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Killing Yourself with Kindness

PrintToday, my sister, Ariel Barnes, shares insights on kindness. She is a freelance writer, and has success as an online satirical advice columnist. She is also on the Internet, but do not confuse her for the other Ariel Barnes who is a successful male cellist. Enjoy…

We obsess over the label of being “kind,” but for what? So we can sleep better at night? Is it for the sake of talking about it and looking superior? Or is it so we can tally up all our good deeds and think we’re worth a fast pass to the front of the line at the pearly gates when our time comes?

Kindness is not our true nature. We are selfish people and sometimes that’s okay. In fact, sometimes it’s necessary. When your plane is going down, you have to put on your oxygen mask before your fellow passengers.

You can’t always be kind to yourself and to others and still live happily. When you put another’s happiness before yours, your mental health crumbles and your physical health isn’t too far behind.

I have been a hateful person because of kindness. In hoping to undo a lot of wrongs to make something right, I hurt a good friend of mine. From the start my intent was polluted with selfishness. In short, I had been friends with someone for years, but I never wanted anything more than the friendship we had. I was content, but I can’t say the feeling was the same on his end. He always asked for more, one way or another, and that’s where he went wrong.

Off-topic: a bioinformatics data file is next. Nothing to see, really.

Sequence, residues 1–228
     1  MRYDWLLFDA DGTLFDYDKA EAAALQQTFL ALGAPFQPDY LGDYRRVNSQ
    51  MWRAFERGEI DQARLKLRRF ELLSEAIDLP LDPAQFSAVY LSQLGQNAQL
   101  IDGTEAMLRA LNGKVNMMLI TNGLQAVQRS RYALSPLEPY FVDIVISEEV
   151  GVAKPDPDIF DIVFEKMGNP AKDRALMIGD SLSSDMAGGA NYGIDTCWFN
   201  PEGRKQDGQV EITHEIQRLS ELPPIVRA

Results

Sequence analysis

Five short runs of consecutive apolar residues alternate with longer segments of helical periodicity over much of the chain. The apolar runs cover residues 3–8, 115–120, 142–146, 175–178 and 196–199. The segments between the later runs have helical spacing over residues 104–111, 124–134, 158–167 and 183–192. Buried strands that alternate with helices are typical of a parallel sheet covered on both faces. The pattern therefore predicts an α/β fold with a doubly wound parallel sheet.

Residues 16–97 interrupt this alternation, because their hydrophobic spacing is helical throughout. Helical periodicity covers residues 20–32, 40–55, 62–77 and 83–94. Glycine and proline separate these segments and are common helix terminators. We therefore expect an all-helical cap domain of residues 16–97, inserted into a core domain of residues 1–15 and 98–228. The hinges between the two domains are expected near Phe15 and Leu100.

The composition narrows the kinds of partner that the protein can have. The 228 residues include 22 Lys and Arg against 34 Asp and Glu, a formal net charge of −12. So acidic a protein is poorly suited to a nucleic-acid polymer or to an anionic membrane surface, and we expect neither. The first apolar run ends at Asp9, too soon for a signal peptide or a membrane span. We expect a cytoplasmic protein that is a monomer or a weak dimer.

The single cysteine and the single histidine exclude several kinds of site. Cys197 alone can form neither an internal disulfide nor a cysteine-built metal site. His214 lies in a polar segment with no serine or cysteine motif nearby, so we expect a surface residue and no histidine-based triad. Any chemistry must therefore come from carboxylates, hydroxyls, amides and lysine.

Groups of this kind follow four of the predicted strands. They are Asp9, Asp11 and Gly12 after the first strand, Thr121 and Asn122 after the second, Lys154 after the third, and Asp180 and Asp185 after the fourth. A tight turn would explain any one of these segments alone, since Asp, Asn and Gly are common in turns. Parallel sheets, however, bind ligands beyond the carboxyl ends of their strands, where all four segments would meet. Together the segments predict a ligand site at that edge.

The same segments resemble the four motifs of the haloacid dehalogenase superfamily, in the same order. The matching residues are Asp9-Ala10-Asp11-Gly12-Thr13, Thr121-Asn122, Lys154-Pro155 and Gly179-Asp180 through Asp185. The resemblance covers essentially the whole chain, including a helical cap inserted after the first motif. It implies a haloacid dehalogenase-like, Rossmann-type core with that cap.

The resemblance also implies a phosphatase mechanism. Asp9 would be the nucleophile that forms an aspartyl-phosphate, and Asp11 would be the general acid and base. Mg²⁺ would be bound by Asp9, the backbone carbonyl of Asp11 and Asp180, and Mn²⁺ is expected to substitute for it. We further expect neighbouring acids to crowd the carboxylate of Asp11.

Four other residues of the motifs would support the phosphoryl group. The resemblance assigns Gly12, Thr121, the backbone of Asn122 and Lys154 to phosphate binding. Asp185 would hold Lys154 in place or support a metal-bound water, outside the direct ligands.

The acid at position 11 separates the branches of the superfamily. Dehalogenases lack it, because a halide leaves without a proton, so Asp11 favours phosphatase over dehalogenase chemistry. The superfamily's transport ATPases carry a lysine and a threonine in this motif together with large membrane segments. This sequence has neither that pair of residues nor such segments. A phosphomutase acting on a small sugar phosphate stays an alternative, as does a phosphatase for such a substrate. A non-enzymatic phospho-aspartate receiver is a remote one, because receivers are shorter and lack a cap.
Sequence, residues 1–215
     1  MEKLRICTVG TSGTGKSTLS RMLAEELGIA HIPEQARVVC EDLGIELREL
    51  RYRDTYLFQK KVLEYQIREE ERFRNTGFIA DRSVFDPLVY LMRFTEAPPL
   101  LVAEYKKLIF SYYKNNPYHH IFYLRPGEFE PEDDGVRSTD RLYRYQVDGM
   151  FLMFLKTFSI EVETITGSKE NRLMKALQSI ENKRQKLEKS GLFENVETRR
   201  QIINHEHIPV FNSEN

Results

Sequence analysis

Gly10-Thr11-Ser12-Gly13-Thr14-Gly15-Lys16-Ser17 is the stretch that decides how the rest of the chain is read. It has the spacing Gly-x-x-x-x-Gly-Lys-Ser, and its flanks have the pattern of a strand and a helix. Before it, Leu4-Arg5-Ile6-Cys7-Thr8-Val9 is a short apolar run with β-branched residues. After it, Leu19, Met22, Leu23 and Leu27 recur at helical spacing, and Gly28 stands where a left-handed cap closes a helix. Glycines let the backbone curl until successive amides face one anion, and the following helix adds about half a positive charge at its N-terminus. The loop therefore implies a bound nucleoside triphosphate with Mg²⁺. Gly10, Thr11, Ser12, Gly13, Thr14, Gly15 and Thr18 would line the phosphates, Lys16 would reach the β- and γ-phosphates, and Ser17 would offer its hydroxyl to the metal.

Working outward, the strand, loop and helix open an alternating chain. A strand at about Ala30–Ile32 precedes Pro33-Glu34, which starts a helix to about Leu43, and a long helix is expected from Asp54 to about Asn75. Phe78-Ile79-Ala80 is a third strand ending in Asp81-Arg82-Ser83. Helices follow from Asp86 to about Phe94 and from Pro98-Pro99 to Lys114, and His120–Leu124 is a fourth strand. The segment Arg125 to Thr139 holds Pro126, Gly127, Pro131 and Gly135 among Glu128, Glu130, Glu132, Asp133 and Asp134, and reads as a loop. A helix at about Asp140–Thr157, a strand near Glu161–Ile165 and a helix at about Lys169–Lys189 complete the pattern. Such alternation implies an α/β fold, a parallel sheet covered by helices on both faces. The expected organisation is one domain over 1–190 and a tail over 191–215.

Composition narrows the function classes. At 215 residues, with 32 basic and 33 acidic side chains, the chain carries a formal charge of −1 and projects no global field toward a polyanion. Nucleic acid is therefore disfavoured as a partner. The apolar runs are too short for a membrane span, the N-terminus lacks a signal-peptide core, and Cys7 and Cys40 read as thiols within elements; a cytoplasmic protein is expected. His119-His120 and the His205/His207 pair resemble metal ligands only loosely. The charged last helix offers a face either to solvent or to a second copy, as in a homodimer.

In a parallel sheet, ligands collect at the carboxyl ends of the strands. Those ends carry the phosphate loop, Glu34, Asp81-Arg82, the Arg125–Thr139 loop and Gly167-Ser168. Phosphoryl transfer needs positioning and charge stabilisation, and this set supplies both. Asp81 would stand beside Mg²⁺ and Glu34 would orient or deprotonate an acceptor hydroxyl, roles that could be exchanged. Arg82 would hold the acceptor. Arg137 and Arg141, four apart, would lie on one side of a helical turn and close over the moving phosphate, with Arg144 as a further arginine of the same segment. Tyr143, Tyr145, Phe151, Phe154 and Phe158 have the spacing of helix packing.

I have always put myself first in relationships, but this time I wanted to see if the alternative could work and it did not. It actually backfired in my face and in my kindness I was cruel.

He knew I was romantically unreliable. He knew I was not invested in him the way he was invested in me. He knew I had someone else on my mind. Even with all that, we still dated for a while because I knew that’s what he wanted. I gave it a shot because I thought he deserved it. For years, I had constantly disappointed this person and thought maybe I could undo that by making some sort of sad excuse for a real relationship work—generosity at its finest. I felt I owed something to him for all the times he had waited for me. Through guilt, I tried to will myself to create a loving something out of nothing and my mind and body reacted as if I was ill. I was just trying to be kind. I just wanted to make him happy.

By being what at first seemed “kind,” I turned myself into a hateful person. I couldn’t tell if I was hanging out with him because he wanted to or because I wanted to feel “kind.” I caught myself badmouthing him. I would look him up and down and wonder what I was thinking. I would roll my eyes at the things he said. I would even think about someone else. I felt like I was putting on a show for him—an eternal act out of guilt. I didn’t hate him, I just knew I would never and could never have the feelings he had for me. Kindness had trapped me and I couldn’t be the one to break it off with him.

In time, he noticed the zipper on the back of my sheep’s clothing. He could tell I had nothing, but platonic feelings for him, as hard as I tried to fake it. I thought I could make this person feel loved when he could not have been farther from it. He freed me from my guilt and we no longer speak. I know I deserve that.

If you’re not a kind person, don’t be pretend to be kind. Don’t put on an act for people. You are not a show. Be what you truly are, but be kind to yourself first and foremost. Kindness does not reign above all, truth does and the truth cannot always be kind.

Twitter | @arielabarnes
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Site | https://medium.com/@arielbarnes

Published inWinter of Kindness